A square clock against a pink floral wallpaper in Ukraine
Jerome Sessini / Magnum

In the Hospital Rooms of My Country

A poem for Sunday

Letters of the alphabet go to war
clinging to one another, standing up, forming words no one wants to shout,
sentences that are blown by the mines in the avenues, stories
shelled by multiple rocket launches.

A Ukrainian word
is ambushed: Through the broken window of
the letter д other countries watch how the letter і
loses its head, how the roof of the letter м
falls through.

The language in a time of war
can’t be understood. Inside this sentence
is a hole—no one wants to die—no one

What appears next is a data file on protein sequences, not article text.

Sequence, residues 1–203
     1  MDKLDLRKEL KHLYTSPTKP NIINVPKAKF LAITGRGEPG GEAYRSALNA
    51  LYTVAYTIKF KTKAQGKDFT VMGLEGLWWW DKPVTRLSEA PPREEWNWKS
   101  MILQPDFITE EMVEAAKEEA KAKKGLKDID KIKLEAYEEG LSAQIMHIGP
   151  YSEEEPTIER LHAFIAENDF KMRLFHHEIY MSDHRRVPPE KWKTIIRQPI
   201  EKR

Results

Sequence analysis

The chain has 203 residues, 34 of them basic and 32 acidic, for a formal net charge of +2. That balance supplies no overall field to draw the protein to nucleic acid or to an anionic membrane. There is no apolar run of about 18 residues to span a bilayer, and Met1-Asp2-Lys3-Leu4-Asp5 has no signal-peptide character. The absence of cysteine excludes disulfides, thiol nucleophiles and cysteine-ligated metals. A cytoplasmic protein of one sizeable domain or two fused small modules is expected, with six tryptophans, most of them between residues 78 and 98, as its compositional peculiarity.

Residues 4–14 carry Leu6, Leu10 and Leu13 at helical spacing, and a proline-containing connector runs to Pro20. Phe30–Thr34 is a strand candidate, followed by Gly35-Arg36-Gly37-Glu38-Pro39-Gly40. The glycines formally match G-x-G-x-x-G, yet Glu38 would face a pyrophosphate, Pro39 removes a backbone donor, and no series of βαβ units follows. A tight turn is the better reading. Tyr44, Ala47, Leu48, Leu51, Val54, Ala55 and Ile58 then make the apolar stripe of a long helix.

speaks. By the hospital bed of the letter й
lies a prosthesis it’s too shy to use.
You can see the light through the clumsily sewn-up holes
of the letter ф—the soft sign has its tongue torn out
due to disagreements regarding
the etymology of torture. There is too much alphabet
in the hospital rooms of my country, too much, too
much alphabet, no place to stick an apostrophe; paint falls off
the walls, showering us with words incomprehensible
like men who, in wartime, refuse to speak.